TV Signal Guide-Indoor Antennas

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indoor antennas, "rabbit ears", "loops", and "bow-ties"
may work in some circumstances, they are very unreliable when the signals you
are trying to receive are from multiple directions or distances. "Rabbit
ears" are generally for VHF reception while "loops" or "bow-ties"
are sold for UHF. For best results, locate the indoor antenna near a window,
away from electrical sources. You will need to experiment to find the best orientation
and placement to adjust for maximum signal pick-up and elimination of ghosts
or multiple images. It can take a considerable amount of manipulation to optimize
for best reception.

All indoor antennas can be adversely
affected by the walls of the building, inadequate height and movement of people
in the room. You may have noticed that the picture can change when someone walks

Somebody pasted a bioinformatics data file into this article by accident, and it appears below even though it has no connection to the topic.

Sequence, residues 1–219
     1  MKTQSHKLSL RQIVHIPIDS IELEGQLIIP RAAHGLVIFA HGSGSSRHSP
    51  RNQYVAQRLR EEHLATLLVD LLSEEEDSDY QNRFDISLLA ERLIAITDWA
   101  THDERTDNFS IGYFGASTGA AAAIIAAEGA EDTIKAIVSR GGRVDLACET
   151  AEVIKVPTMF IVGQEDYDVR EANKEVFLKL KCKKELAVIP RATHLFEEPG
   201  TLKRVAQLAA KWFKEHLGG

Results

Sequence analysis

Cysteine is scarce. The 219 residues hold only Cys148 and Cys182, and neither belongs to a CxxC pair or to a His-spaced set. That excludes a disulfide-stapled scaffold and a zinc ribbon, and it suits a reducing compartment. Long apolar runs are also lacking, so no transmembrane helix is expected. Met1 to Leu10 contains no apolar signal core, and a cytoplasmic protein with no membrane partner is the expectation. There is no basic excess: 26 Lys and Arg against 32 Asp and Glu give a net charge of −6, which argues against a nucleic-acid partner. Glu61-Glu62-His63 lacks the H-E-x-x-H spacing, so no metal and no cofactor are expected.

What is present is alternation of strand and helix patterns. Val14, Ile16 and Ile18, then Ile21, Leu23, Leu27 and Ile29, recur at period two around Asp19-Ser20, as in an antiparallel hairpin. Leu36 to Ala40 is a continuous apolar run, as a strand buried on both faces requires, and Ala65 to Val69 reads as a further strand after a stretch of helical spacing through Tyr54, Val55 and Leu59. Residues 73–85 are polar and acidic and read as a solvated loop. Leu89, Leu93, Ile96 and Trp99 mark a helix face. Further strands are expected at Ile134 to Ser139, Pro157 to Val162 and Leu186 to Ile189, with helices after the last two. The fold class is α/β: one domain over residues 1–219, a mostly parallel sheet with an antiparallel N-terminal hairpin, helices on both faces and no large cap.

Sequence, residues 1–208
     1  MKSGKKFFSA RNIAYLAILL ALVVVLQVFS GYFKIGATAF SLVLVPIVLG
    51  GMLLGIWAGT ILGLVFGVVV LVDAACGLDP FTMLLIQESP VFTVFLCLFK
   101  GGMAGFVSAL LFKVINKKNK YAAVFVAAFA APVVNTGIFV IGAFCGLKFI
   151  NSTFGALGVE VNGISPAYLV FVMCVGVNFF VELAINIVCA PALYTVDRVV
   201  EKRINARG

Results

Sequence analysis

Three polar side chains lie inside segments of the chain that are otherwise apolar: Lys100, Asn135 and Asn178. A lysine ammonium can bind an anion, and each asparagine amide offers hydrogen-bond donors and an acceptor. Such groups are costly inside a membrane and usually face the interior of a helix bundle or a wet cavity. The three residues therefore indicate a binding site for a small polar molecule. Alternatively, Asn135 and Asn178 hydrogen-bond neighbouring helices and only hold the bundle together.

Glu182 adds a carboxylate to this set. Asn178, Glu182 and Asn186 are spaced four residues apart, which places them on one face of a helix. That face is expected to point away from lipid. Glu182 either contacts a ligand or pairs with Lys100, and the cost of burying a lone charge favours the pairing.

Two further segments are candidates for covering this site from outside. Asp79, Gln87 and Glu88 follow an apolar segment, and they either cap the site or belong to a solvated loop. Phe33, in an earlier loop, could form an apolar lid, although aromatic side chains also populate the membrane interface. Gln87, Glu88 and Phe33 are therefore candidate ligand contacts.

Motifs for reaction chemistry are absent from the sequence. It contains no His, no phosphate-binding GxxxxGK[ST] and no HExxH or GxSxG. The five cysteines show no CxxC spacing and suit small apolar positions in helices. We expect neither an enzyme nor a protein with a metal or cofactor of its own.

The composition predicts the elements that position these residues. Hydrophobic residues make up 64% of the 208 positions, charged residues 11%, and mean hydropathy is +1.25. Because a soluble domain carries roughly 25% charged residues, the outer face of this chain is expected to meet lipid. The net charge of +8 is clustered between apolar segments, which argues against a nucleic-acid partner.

through the room, or a truck drives by outside. If you are disappointed with
the performance of an indoor antenna, it does not mean that you are outside
the signal range of the station. To clear up your reception problems, it may
be necessary to install an outdoor antenna with greater sensitivity.

The so-called "top of the
line" indoor antennas are advertised as combination VHF/UHF with some type
of switch to get the best picture. As a class, this type of antenna is usually
not good for UHF signals more than a few miles away which will affect the WVLT-DT
signal.The rod antenna or "monopole" or "whip" antenna is
used on many portable TV’s. Its VHF reception is generally OK. This type
of antenna often works best when the rod is telescoped in to its longest length


If you must use an indoor antenna for reception of digital signals, the two-bay
bow tie with a reflector screen is your best bet. Remember that outdoor antennas
are always better.

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